Editor’s Note: Jason T. Strickland is a member of the Litigation Practice Group at Ward and Smith, P.A.
You own land. Is it possible for someone else to have the right to use your land without your permission and maybe against your wishes? It is possible if the other person has an easement.
What is an Easement?
An easement is the right of someone, the easement “owner,” to use another person’s land for a specific purpose.
The most basic easement is one that allows the easement owner access across the land of another, usually to reach and use land owned by the easement owner. The easement owner has the right to use the other person’s land subject to the specific terms of the easement, which often limits the use of the easement. For example, if you have an easement for access over another’s land to get to your land which is used as your personal residence, you are allowed to travel across the other person’s land to get to your home.
However, if this is the extent of the easement right, you would not have the right to park vehicles on, run utilities like water, sewer, or telephone lines across, or construct structures on the land, and you couldn’t use the easement for access if you decided to convert your land to a commercial use that would improperly increase the “burden” of the easement over your neighbor’s land.
The owner of the land over which your easement runs (called the “servient estate” for obvious reasons) still owns all of the land and may use the part of that land over which your easement runs for any purpose that does not unreasonably interfere with your easement rights. Thus, if your easement allows you to drive your car across your neighbor’s land, your neighbor can also drive cars across the easement area, but cannot build a structure in the middle of the easement because that would directly prevent you from using the easement for its intended purpose. Whether the land owner can install a gate over the easement area has generated innumerable lawsuits over the years with inconsistent results.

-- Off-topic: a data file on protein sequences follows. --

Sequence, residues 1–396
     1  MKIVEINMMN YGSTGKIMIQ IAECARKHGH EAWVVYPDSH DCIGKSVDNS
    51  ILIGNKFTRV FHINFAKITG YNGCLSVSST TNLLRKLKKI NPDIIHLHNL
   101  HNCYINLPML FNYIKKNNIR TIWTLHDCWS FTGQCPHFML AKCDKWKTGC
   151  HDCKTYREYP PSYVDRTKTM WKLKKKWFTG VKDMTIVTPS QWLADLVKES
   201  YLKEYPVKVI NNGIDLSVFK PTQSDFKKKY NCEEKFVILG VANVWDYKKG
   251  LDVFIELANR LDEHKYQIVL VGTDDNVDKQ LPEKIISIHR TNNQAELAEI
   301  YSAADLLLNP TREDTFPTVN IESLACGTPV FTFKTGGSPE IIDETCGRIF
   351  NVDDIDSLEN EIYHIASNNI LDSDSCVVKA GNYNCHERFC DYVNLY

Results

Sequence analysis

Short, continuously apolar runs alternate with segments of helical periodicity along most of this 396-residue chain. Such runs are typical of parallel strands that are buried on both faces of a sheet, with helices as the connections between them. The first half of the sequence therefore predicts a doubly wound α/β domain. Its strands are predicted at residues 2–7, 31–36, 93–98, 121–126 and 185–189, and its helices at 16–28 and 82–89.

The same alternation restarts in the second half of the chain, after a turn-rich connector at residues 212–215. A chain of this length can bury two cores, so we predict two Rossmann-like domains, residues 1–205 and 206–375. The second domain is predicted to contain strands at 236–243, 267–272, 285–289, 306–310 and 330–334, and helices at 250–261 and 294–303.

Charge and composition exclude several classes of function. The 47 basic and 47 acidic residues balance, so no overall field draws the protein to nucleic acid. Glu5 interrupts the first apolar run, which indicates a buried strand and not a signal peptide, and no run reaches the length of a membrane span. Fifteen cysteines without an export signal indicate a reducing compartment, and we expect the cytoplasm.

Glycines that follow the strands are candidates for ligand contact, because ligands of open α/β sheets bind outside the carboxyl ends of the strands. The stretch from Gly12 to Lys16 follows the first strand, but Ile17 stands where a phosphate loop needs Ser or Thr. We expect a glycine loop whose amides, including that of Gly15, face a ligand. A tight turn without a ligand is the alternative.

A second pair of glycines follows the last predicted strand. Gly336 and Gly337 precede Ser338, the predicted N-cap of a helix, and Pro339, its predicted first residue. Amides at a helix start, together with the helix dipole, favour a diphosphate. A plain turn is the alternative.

What is an Easement Good For?
Easements allow for more flexible uses of land. If you need to use land or a part of it for a very specific purpose, but you don’t need to own all of the land outright, an easement will allow you to satisfy your need without having to incur the cost and expense of purchasing all of the land. Similarly, a land owner unwilling to part with the land might be willing to grant you a right to use a portion of the owner’s land for a specific use—if the price is right.
How Does an Easement Arise?
There are at least ten ways an easement can be created, but this article will address only the most commonly encountered ones. The most basic way to create an easement, of course, is for the owner of the servient estate to agree, in writing (since an easement is an interest in land), to grant an easement to another person or specially reserve an easement when the owner conveys a parcel of the owner’s land to another person. In this sense, the conveyance of the easement is no different than the conveyance of land except that a right of use rather than an outright ownership interest in the land is conveyed. The deed of easement must describe not only the geographical extent of the easement, but also the nature of the right of use—that is, whether the easement is for access only, parking, recreational purposes such as hunting or fishing, advertising purposes such as for a highway billboard, or some other use.
Another way an easement can arise is by what is known as “implied grant” or “implied reservation.” The purpose is to avoid the creation of landlocked and economically unusable parcels.
Implied grants and implied reservations arise when one parcel is divided into two parcels and one of the two new parcels is “landlocked” as a result of the division. Think of one parcel that has a “North 40” acres and a “South 40” acres. The South 40 and, therefore, the entire parcel before division abuts a public road. The land is divided by a line running east to west across its middle. Thus, after the division, the North 40 is now landlocked. It has no direct access to a public road.